Thursday, August 20, 2009

Can you trust the Feds with your health?

The federal government has announced that the Cash for Clunkers program is going to end on Monday. Is that a surprise? When the program first started in July with $1 billion, it was supposed to run until November 1st. Of course whenever you give away free money people will want it. So the money ran out in about one week. Obama and Congress, in their generous Santa in summer mode, gave an additional $2 billion. This was supposed to last until Labor Day. Well that prediction was wrong too.

So many things have gone wrong with this. First, the feds don't know how to predict demand for a product (money) that is being given away for free. Second, they don't know how to implement this program. Dealers have stopped accepting trade ins because the government is not able to process all these applications quickly enough to reimburse the dealers. Thus the dealers are out thousands of dollars until the feds get their act together. Third they ran out of cars to sell. With free money, so many people wanted cars that the infrastructure was not able to handle the crush of demand. Now there is very little choice of products for these customers.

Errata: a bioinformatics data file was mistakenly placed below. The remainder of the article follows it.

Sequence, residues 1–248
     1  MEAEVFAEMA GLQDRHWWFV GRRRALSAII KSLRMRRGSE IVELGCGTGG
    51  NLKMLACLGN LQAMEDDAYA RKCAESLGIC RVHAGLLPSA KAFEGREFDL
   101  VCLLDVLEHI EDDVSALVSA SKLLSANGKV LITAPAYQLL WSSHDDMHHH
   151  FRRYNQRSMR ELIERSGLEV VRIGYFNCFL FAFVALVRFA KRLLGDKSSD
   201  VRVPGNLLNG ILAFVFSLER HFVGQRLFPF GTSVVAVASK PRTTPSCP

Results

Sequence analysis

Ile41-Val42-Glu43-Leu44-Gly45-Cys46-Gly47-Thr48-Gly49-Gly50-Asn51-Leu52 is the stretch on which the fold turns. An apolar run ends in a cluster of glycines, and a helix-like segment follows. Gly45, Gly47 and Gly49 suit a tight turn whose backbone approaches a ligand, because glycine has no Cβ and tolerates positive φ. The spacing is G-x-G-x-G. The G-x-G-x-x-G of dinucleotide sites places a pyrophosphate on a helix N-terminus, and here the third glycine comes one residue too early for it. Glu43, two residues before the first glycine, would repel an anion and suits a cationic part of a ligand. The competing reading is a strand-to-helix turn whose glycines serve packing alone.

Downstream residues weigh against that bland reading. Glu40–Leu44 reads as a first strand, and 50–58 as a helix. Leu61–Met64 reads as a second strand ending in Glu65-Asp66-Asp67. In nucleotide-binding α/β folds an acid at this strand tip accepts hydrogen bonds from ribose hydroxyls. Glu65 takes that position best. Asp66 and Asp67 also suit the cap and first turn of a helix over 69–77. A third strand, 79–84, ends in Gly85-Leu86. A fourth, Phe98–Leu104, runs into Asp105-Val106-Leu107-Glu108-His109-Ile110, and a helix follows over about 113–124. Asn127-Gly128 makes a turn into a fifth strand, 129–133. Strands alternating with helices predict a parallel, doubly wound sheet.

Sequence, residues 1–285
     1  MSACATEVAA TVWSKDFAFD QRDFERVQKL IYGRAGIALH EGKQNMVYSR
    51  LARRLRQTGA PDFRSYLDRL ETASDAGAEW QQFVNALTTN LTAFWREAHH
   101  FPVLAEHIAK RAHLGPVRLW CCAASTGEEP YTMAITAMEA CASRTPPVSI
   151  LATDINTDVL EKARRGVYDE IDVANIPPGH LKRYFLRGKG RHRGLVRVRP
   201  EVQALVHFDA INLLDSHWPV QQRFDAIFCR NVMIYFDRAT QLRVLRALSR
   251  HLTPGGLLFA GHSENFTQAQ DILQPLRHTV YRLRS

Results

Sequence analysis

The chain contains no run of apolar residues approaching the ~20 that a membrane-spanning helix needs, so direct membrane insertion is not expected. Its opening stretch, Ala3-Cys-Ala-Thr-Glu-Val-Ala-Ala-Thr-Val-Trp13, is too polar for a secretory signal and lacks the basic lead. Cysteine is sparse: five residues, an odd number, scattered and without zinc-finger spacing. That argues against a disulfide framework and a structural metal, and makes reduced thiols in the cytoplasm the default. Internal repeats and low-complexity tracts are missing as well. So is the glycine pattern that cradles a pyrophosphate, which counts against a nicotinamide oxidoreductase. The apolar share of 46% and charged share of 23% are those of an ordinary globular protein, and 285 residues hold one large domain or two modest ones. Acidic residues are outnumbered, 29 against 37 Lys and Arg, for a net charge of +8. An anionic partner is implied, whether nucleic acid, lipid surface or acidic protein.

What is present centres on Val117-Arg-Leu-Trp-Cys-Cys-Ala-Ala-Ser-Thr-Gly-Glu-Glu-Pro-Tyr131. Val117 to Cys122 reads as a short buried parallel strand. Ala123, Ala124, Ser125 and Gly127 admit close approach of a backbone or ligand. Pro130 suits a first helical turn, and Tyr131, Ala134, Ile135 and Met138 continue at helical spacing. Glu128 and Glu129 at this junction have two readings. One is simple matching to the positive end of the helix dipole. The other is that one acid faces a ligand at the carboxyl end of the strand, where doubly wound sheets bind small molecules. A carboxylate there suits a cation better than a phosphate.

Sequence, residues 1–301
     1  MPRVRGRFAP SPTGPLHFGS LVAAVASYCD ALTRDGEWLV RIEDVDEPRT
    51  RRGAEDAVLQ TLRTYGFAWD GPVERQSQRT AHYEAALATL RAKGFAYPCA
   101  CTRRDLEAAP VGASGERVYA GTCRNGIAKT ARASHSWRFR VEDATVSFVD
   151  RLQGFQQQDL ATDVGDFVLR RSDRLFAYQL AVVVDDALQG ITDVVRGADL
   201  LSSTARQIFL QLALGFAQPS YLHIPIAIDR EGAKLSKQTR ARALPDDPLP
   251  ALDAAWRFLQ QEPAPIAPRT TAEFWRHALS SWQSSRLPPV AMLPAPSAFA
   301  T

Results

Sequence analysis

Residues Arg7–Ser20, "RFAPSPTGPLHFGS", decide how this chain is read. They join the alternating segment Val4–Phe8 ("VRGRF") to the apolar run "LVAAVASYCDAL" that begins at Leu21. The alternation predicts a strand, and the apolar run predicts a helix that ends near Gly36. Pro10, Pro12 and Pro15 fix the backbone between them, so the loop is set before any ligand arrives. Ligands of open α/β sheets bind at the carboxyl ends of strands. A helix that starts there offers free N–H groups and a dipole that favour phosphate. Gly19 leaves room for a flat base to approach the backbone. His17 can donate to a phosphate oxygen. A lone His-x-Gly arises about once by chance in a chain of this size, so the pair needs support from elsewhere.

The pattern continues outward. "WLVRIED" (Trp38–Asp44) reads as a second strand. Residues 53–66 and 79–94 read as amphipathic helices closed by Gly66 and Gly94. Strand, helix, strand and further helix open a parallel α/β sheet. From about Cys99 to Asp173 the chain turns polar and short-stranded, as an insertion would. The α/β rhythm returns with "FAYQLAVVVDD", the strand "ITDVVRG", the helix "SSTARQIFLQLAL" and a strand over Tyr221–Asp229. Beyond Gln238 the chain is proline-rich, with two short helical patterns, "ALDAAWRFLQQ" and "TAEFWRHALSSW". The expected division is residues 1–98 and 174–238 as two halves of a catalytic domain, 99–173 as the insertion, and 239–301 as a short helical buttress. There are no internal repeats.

Now take those three conditions and you can apply them almost directly to the planned government takeover of health care in this country. When the Medicare prescription drug benefit was passed in 2003, the ten year cost was predicted, and propagated by the politicians, to be $400 billion. Only ONE year later, the cost was raised to $500 billion. And you think you can trust Congress to make the cost of health care revenue-neutral? Inevitably there will be higher (much higher) taxes, lower reimbursements, and restrictions on care to keep health care costs from devouring our economy.

The government can barely run Medicare now without severe delays in reimbursement. Doctor's operating margins are already thin. The physician usually has to pay himself last behind all his staff, rent, taxes, utilities, vendors, etc. If we suddenly have a mob of new patients with government insurance and reimbursement slows, who do you think will eat the cost? This would be the end of the romanticized small practice primary care doctors that are so beloved by the public.

Finally, demand for services would be enormous. You can already read about the long waits and denial of services common in countries with socialized medicine like Canada and Europe. Remember what the Canadian Supreme Court ruled--access to a waiting line is not access to health care.

So while universal health coverage for Americans is commendable, a government implementation would be problematic. This Cash for Clunkers program clearly demonstrates the pitfalls that would await us all if the government takes over our health care.

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